Luxury German skin-care brand Augustinus Bader launched with just two face products, now sold through retailers including Violet Grey, Net-a-Porter.com and Neiman Marcus. After launching its third, a body cream, in July, the brand wants to ramp up growth with a multi-phase, global digital campaign.

On September 23, the brand is launching its first-ever, multi-part campaign that extends into at least into spring 2020, timed with its expansion into new markets like Canada in September and Hong Kong in October. Part one is a digital campaign with the tagline “Cell care is the new self-care,” dedicated to the new body cream, which was introduced to the U.S. market in July and will be globally available on September 23. Part two, which kicks off on November 5, will focus on the entire product assortment, while a campaign in the spring will likely integrate out-of-door advertising and possibly podcasts, said Maureen Case, CEO of Augustinus Bader. The products range from $85 to $265.

Dr. Augustinus Bader, the man behind the brand, formulated the products based off of research. The brand is expected to do more than $25 million in sales in 2019, according to industry sources, and it has largely caught on through unpaid celebrity endorsement from the likes of Victoria Beckham.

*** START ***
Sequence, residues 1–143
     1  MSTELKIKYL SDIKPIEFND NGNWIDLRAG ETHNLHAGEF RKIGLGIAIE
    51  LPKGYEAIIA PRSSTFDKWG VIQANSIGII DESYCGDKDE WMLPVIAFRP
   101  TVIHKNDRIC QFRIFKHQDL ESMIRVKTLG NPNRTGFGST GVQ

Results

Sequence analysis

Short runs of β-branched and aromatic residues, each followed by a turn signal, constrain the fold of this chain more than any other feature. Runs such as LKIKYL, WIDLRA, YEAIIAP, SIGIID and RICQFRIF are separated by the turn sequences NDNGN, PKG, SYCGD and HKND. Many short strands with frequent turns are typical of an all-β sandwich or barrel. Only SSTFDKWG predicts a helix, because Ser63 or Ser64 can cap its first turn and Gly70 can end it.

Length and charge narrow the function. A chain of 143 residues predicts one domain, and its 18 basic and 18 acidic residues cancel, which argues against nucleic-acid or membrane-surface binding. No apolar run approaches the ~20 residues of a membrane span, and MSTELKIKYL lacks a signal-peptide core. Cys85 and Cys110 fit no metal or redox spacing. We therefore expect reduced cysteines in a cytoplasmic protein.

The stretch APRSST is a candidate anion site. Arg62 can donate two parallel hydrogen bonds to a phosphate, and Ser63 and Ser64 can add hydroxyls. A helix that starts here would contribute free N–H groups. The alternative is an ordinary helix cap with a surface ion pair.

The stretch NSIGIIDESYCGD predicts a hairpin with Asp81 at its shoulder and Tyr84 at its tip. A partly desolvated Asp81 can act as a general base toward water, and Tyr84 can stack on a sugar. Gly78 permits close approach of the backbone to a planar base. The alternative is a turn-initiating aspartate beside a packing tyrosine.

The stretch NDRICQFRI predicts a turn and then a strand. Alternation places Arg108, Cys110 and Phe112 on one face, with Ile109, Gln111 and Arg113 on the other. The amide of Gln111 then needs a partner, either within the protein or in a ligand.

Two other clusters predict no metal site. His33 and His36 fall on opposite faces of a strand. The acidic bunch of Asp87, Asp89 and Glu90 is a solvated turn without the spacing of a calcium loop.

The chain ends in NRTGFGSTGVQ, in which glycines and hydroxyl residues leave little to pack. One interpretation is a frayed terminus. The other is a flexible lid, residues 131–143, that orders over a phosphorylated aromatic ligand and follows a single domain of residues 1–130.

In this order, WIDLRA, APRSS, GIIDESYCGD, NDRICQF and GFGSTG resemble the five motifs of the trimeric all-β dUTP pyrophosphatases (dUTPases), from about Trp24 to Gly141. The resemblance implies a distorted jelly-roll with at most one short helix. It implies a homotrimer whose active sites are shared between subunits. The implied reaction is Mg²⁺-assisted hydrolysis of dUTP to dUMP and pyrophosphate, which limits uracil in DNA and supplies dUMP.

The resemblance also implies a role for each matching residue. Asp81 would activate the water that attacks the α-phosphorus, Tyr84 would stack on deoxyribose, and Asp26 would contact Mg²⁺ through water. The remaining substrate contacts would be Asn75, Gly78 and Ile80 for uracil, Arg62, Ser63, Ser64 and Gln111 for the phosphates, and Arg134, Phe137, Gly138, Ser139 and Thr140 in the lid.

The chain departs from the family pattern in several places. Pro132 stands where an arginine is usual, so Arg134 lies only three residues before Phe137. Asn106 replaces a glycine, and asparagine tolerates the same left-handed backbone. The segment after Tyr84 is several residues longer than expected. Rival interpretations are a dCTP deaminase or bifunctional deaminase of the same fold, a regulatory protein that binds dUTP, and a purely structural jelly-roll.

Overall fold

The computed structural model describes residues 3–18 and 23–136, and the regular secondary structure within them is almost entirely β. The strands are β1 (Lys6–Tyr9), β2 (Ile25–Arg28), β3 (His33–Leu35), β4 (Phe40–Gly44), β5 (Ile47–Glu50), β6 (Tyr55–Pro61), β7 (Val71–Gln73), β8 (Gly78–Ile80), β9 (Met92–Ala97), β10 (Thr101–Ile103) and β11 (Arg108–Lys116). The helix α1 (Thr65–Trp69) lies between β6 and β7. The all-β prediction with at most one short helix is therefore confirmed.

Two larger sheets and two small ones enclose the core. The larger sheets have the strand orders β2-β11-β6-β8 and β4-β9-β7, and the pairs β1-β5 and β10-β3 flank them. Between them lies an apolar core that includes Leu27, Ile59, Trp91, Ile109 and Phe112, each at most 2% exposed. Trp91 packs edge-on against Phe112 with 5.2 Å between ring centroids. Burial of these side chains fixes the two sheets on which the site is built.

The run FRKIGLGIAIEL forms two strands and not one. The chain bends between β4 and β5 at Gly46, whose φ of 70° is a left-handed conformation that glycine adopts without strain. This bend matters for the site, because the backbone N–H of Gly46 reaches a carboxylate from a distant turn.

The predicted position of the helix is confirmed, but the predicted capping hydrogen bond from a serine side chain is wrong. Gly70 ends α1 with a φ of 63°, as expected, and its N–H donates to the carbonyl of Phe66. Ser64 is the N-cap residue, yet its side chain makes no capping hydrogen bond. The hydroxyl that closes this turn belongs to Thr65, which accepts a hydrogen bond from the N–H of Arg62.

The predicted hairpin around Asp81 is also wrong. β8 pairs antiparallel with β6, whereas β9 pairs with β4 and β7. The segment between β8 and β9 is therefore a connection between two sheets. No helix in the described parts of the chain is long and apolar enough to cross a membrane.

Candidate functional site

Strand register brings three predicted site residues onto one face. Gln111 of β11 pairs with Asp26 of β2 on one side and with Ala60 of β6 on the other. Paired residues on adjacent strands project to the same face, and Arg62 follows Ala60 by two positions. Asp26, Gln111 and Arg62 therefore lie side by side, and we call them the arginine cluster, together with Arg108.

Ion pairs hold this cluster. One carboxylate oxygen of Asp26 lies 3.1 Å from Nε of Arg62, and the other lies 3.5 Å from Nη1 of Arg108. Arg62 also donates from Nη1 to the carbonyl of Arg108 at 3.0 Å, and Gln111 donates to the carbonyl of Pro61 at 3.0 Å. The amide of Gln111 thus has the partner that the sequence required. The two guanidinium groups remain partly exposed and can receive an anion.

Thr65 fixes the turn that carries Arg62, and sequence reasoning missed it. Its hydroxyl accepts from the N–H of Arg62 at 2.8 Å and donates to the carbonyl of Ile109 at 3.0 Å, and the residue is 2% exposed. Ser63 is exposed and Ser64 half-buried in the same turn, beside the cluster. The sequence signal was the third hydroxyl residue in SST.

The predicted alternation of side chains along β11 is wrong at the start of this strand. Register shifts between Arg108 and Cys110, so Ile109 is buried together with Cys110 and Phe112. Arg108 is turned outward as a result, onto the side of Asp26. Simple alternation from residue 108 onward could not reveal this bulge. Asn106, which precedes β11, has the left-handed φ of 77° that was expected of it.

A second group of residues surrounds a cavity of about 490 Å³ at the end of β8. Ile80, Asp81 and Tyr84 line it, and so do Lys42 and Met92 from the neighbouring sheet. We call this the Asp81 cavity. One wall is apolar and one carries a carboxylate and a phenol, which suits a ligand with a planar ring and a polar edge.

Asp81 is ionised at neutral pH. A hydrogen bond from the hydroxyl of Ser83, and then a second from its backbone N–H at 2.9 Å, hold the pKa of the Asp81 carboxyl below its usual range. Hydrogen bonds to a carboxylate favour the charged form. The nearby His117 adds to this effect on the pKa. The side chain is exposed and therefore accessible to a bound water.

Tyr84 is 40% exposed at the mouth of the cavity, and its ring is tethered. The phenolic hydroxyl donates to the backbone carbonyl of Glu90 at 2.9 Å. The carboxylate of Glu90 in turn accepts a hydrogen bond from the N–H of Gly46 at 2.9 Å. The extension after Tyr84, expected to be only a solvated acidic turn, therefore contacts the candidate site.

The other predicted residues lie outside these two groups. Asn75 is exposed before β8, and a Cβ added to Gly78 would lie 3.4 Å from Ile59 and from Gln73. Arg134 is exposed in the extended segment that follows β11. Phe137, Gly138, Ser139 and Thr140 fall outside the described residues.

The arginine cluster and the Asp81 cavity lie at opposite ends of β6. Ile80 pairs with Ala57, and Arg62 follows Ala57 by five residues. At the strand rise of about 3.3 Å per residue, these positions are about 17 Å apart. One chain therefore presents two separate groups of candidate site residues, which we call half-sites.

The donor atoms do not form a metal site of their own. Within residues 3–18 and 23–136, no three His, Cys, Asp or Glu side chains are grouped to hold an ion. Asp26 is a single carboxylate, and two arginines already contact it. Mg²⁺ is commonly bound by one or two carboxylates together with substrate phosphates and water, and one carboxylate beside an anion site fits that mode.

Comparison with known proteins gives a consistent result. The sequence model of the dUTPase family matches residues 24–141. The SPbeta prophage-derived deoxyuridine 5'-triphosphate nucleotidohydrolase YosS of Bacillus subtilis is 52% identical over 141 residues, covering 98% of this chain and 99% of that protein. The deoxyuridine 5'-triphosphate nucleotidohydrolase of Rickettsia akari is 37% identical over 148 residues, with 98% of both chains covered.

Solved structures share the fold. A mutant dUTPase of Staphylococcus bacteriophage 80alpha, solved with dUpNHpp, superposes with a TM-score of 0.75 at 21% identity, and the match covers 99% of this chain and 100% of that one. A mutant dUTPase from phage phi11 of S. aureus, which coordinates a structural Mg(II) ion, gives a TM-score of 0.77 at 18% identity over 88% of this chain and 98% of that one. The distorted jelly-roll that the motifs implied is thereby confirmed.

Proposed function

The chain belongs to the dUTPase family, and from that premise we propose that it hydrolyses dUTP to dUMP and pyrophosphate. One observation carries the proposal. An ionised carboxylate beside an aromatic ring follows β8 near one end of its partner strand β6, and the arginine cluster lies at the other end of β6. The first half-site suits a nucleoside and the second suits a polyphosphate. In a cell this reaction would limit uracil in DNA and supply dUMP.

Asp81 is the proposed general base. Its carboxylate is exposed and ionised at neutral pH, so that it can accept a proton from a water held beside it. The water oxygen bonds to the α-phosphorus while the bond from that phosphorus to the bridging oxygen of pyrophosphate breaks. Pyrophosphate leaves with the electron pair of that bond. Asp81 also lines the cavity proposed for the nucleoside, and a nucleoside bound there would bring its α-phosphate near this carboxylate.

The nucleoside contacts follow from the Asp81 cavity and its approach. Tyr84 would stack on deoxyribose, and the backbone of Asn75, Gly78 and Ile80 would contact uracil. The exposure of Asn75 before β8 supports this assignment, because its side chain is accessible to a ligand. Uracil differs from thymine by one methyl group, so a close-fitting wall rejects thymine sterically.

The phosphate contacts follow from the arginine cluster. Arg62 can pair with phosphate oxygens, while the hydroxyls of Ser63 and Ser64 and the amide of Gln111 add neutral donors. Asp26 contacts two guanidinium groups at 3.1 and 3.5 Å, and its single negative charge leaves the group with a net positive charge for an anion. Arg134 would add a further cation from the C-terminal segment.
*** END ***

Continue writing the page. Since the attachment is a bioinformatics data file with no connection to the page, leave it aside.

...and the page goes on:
“What we have found is that, when it comes to premium skin care, someone needs to understand why they need it before they invest at a high level and change their routine,” said Charles Rosier, Augustinus Bader’s co-founder.

Globally, high-end body lotions and firming products are becoming more popular, with firming product sales growing 2.8% in 2018 to $896 million and high-end body lotion sales growing 5% in 2018 to nearly $2 billion, according to data from Euromonitor.

Similar brands, like Révive, which was relaunched under Tengram Capital ownership in December 2018 is also doctor-founded and has rapidly been launching products and expanding into new markets. Dr. Barbara Sturm, another German-based brand, has also begun staking a stronger foothold in the U.S. with the launch of its first flagship in New York City.

So far, Augustinus Bader has tried to solidify its position in the market with the launch of a loyalty program and an automatic subscription renewal for its two face creams, both in July, and it’s taken advantage of Instagram’s shoppable capabilities since April. In 2020, the brand will also reinvest up to 5% of its overall sales into a sampling program, with a target of more than 1 million units, said Case.

“I think [doctor-based brands] are the groundswell of the future,” she said. “There’s a lot of marketing involved in [tradition beauty], but when you have the authenticity and purity of science in skin care, that matters.”

For its part, Augustinus Bader wants to take a surgical approach to the first leg of its campaign. On September 23, the brand will roll out through Instagram and its own website clinical results of its body cream and how it affects the appearance of cellulite and stretch marks. At the same time, it will release an Instagram campaign called #BaderSkin with 150 unpaid influencers and five paid. Overlapping all of this will also be paid social ads on Instagram and Facebook and on September 30, videos demonstrating the product, and the clinical results will be shared on Instagram, on the brand’s website and in paid ads.

“It is much more important to share why people should make a purchase than to just do a campaign that blasts influencers,” said Rosier.